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9 Ways to Focus Right Now: Harness the Power of ADHD Fidgeting

Doing two things at once, can actually help focus the ADHD brain on a primary task.

Experts believe that engaging in an activity that uses a sense other than what’s required for your primary task can enhance focus and improve performance in children with attention deficit disorder. These secondary tasks are called fidgets, mindless activities you can do while working on a primary task.

Fidgeting is like pacing or doodling while on the phone, or chewing gum while taking a test. An effective fidget doesn’t distract you from your primary task because it is something you don’t have to think about.

Use these fidget secrets the next time you or your ADHD child needs help focusing:

Walk or Move: When your ADHD child gets restless, try walking and talking. Any non-strenuous activity, like playing catch or doing a jigsaw puzzle together will work.

Stand Up or Move Around: Talk with the teacher about small school accomodations like letting your child stand, during the school day. A child can do this discreetly at the back of the room or at his desk. You can even ask a teacher to assign a child two desks, so he can move from one to the other when necessary.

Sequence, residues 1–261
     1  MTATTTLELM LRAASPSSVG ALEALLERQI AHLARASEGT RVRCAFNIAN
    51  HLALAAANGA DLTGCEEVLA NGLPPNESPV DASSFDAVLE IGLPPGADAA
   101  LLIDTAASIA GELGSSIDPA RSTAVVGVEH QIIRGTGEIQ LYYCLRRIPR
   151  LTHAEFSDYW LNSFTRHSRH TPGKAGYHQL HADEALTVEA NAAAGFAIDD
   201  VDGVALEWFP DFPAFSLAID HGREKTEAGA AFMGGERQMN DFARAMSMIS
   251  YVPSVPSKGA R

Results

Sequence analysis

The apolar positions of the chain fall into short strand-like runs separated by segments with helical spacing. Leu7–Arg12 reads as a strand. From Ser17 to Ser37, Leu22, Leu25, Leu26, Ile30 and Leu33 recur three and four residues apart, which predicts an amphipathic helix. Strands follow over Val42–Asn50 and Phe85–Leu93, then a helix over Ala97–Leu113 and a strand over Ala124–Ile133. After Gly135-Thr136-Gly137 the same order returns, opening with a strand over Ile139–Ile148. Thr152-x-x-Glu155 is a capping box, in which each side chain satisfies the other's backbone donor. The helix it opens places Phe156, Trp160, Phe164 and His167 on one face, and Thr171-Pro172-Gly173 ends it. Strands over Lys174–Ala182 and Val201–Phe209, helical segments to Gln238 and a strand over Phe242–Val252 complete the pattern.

Doodle & Use Special Pens: A creative learning trick is to encourage your child to draw or write out a teacher’s lecture.

Use Multi-Colored Pens and Pencils: This fidget works when your child needs to complete an assignment or read for comprehension (he can underline words as he reads). Scented markers may also help.

Busy Your Hands: This facilitates focus when a child is listening, talking, or thinking about how to answer a tough question. Fidget toys include cool-looking pens or pencils, beaded bracelets, paper clips and clothes with interesting textures.

Tune In: Plugging into a music player helps children stay on task when studying, reading, exercising or even going to sleep. Choose music that is appropriate to the task: a stimulating beat when exercising, calming tunes for sleep, and something in between when studying or reading.

Chew Gum: This helps your child when he has to concentrate for an extended period like when he has to do homework or take a test. If gum is not an option, sucking on a lemon drop or other hard candy will also do the trick.

Attention-Boosting Games: Many classic children’s games, including Simon Says and music chairs, require attention and good listening skills—play them for practice.

 

Source: http://www.additudemag.com/adhd/article/5575-1.html

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